Podcast Metrics: My turn.

It’s been a long time since I’ve written anything here, and a lot has happened since the last article.

CNN has relaunched their podcast landing page at cnn.com/podcast with dynamically updating “latest episodes” at the top, and a list of available podcasts at the bottom of the page.

For anyone that remembers what was there before, this is a vast improvement.

CNN podcast page

CNN has also launched “RunningMate with Ryan Nobles” a political podcast about the Presidential campaign. Not everyone is cut out to be a podcast host or producer. Many people who get into podcasting are doing a version of “radio” and their real jobs are on TV, or as writers. Producing a show to listen to is a different skill, and I can tell you that Ryan has taken to it very, very well.

Early iTunes reviews were rough but on point. Things were learned and changes were made. The audience is growing, and I suggest you check it out. CNN has also added “The Lead with Jake Tapper” and “The Situation Room” and “Amanpour” to the stable of television shows you can get in audio.

It’s all been happening thanks to our partners at Palegroove.

As I’ve been working on growing podcasts at CNN, I’ve been once again getting deeper into metrics.

I had a conversation with a friend at a well known podcast ad network and asked him how downloads on their new shows were doing. He said “well of course I can’t give you the numbers, but we’re doing really well” and when he asked me how we are doing, I said pretty much the same thing. It’s a silly game of hiding download numbers. I don’t even know WHY we do it. Seriously, why? We tell the advertisers the numbers, why aren’t they public?

There is no Comscore for podcasts, and it’s really beginning to drive me nuts. I heard Jarl Mohn from NPR on the Reliable Sources podcast mention that the new NPR Politics podcast is in the “top 20” and doing really well. He didn’t say he was referring to iTunes, but I assume he was. And if you’re in the podcast business you know the iTunes rankings are great… and not great.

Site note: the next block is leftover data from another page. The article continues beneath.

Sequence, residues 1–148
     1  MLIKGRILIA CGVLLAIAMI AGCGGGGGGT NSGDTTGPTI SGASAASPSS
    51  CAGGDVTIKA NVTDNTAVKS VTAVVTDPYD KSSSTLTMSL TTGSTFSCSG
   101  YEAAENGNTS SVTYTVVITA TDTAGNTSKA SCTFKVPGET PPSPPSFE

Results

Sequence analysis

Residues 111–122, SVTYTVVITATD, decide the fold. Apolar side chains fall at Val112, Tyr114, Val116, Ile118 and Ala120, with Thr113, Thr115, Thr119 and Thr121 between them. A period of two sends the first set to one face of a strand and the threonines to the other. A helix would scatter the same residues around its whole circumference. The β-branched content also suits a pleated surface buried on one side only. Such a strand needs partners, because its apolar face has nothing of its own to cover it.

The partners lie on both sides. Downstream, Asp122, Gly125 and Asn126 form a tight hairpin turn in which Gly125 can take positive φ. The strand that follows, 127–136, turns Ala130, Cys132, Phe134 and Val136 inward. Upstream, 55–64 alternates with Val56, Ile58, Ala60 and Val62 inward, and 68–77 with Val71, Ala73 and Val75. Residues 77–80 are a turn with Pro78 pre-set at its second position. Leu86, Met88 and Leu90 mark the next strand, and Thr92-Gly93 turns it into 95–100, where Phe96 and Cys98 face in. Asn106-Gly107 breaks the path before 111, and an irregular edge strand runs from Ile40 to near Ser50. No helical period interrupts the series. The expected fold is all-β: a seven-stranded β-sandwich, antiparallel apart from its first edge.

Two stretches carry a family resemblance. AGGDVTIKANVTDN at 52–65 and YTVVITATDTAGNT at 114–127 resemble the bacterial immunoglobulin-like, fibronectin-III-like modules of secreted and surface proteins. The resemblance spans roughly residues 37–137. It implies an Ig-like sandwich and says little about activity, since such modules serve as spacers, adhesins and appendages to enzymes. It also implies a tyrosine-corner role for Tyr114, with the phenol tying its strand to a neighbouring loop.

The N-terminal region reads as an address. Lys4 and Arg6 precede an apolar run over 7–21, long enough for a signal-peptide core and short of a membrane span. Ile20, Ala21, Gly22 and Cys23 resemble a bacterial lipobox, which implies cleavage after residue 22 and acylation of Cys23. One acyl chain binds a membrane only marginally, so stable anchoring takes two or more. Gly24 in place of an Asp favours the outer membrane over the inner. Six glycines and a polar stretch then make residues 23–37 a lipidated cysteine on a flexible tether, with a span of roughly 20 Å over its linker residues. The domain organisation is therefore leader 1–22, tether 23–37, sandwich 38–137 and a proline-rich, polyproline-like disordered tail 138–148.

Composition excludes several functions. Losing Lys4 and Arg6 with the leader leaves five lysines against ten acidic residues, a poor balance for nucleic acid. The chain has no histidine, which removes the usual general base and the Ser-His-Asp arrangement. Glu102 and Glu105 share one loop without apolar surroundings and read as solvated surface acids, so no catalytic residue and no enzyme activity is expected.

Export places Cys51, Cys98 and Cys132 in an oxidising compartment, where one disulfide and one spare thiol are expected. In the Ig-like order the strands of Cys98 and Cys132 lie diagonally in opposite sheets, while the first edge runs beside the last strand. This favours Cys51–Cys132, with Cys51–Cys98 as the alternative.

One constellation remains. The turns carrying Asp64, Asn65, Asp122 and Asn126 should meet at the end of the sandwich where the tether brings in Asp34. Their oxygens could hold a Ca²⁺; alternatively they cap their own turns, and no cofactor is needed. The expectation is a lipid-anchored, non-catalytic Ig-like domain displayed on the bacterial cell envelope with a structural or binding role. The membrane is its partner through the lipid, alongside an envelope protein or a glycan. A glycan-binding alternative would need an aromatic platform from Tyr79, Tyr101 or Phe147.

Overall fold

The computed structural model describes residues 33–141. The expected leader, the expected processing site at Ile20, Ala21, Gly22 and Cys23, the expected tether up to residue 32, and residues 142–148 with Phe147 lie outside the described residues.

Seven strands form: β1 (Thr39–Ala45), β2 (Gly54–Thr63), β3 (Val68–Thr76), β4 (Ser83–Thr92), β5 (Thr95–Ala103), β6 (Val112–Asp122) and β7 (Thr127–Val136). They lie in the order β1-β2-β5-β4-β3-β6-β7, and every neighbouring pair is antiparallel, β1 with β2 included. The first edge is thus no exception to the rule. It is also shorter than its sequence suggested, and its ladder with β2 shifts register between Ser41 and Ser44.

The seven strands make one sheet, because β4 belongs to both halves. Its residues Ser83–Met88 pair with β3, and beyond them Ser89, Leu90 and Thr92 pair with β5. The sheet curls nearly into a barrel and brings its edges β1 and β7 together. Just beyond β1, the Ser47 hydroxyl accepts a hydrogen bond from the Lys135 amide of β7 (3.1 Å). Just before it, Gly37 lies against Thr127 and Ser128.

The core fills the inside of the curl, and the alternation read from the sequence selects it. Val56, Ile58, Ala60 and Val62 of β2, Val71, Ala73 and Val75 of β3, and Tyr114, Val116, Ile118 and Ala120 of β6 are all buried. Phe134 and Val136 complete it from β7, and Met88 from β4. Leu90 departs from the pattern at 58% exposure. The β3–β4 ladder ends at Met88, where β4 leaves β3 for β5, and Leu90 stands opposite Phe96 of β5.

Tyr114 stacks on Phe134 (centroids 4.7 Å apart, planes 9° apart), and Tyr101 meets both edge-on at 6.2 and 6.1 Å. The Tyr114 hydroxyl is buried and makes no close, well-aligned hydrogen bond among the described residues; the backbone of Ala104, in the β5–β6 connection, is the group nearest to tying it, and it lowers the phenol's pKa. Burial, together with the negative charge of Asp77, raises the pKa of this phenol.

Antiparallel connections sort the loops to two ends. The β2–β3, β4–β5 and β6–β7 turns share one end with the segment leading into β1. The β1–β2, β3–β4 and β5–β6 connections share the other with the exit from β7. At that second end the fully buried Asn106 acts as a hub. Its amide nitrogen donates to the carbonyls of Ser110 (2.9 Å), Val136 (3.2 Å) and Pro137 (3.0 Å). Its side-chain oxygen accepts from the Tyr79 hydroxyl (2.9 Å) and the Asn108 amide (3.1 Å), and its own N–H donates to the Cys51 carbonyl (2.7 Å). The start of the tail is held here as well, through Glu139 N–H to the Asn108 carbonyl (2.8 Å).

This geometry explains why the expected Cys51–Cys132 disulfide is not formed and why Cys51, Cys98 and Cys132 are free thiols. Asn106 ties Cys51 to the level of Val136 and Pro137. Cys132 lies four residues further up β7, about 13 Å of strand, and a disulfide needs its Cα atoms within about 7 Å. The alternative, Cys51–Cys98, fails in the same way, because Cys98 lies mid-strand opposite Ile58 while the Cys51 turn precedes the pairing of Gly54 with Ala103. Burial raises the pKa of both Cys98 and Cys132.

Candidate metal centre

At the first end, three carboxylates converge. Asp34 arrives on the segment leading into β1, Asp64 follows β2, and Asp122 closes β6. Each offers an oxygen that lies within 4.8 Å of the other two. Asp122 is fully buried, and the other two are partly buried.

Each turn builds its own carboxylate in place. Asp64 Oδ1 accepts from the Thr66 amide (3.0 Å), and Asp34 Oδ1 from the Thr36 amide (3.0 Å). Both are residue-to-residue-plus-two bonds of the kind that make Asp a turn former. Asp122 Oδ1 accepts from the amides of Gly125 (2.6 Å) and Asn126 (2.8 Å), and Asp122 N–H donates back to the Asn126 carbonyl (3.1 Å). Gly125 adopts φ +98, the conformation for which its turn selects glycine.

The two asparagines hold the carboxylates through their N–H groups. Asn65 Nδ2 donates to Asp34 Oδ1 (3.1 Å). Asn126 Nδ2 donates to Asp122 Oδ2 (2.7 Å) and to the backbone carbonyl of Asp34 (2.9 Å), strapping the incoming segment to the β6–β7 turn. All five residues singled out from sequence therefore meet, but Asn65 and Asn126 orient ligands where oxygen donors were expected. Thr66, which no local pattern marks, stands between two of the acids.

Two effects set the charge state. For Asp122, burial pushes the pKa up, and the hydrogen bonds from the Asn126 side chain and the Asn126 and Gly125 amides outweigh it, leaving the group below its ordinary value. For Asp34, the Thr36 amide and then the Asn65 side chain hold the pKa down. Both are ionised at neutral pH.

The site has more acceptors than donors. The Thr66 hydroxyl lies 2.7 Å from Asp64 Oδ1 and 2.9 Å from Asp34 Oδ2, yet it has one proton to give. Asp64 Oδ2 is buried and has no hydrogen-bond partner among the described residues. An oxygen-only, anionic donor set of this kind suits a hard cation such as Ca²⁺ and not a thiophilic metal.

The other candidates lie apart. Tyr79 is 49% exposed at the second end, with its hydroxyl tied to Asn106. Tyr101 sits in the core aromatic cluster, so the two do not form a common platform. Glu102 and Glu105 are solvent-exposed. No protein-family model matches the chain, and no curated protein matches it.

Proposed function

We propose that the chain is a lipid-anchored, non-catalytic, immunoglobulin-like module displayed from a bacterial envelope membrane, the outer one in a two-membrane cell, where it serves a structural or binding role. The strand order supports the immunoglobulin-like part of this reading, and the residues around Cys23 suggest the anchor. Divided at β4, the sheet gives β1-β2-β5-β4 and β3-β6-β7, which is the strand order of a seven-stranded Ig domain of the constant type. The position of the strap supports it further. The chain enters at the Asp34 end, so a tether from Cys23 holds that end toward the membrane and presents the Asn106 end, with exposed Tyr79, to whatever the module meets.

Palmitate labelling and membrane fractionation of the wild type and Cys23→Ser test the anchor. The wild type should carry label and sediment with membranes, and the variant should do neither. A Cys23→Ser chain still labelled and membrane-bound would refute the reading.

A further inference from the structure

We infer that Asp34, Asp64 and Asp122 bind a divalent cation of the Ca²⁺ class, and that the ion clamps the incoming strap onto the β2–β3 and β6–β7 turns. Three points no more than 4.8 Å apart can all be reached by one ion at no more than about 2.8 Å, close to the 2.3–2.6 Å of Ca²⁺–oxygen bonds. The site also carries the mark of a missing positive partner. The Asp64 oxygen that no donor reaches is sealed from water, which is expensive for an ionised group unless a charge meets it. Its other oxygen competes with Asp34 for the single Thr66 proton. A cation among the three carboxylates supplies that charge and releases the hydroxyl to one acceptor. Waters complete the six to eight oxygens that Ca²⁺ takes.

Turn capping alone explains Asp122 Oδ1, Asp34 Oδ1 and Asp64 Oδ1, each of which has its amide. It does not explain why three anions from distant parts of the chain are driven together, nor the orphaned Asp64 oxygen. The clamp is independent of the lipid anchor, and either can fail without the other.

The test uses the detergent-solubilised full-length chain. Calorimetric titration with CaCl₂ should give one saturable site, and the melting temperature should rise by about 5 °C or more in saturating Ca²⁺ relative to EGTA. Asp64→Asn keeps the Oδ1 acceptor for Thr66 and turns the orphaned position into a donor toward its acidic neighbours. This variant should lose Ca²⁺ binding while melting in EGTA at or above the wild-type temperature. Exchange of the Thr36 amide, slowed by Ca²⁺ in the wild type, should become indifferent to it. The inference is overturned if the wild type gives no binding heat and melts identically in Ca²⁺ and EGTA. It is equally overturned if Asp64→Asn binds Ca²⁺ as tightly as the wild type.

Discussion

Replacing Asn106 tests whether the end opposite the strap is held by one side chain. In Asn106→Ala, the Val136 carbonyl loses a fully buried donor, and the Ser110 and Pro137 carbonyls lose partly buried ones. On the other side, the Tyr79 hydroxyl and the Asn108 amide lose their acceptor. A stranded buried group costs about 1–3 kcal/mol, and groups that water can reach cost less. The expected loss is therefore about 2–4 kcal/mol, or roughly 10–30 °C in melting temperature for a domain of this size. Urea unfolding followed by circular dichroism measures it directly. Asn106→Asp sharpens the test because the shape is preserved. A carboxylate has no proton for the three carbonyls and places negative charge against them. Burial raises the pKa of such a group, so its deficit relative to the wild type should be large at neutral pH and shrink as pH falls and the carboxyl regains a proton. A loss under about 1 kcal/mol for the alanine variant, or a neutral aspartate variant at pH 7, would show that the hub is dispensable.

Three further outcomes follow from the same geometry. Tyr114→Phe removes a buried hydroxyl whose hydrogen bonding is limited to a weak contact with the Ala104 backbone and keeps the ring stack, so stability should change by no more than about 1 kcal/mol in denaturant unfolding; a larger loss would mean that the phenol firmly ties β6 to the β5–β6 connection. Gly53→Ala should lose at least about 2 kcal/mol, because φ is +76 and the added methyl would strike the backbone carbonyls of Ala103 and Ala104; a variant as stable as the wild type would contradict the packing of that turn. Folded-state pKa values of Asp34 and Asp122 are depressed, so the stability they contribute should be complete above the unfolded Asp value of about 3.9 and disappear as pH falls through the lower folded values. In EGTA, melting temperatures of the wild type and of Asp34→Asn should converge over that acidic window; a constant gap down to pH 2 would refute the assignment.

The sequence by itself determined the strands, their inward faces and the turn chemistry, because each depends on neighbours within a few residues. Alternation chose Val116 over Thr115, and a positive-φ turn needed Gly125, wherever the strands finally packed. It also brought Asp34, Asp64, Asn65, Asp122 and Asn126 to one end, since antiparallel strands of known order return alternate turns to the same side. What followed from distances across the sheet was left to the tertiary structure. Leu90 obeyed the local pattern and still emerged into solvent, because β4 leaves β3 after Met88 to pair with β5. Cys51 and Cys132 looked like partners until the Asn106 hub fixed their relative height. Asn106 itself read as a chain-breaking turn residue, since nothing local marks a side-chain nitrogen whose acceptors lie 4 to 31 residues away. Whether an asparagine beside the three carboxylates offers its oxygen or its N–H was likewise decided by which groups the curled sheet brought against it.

Because the Apple algorithm helps new podcasts get traction iTunes is not only tracking downloads and plays, but clicks and reviews and all kinds of things go into that secret sauce. Is being top 20 still a good thing? Of course, but it’s also kind of meaningless at the same time. A podcast can be in the Top 20, and still be getting fewer downloads than other podcasts in the top 50.

I think the industry would benefit from some 3rd party metrics solutions. The IAB Podcast Working Group is apparently working on it… but… I haven’t heard anything concrete in the works. Did metrics improve in 2015? I don’t think so. In the meantime MidRoll and Panoply and WNYC and everyone is enjoying the resurgence in attention and ad dollars without measurement changes, so maybe it’s not a problem?

It’s not terribly broken. With opt-in surveys, and downloads and streaming stats there really is a good bit of information that ad buyers can consider.

While I do think the industry would benefit overall from 3rd party metrics to bring in more advertisers and have a level playing field from network to network, the part that drives me nuts isn’t the sales dilemma.

It’s a new podcaster asking “what are the downloads?” followed up with “is that good?” Maybe I just like scoreboards and competition too much, but I like to be able to measure success against something. I want a chart that is meaningful, not the iTunes charts that change by a bunch of known and unknown variables.

In just a few clicks, I can find out how many people watched TV, wouldn’t it be nice to have something similar for podcasts?

The podcasting business is more than just downloads. It’s engagement and loyalty, and a desirable audience demo, etc. but we still need to get the numbers down, don’t you think?

Let me know in the comments below or on Twitter, or LinkedIn etc.

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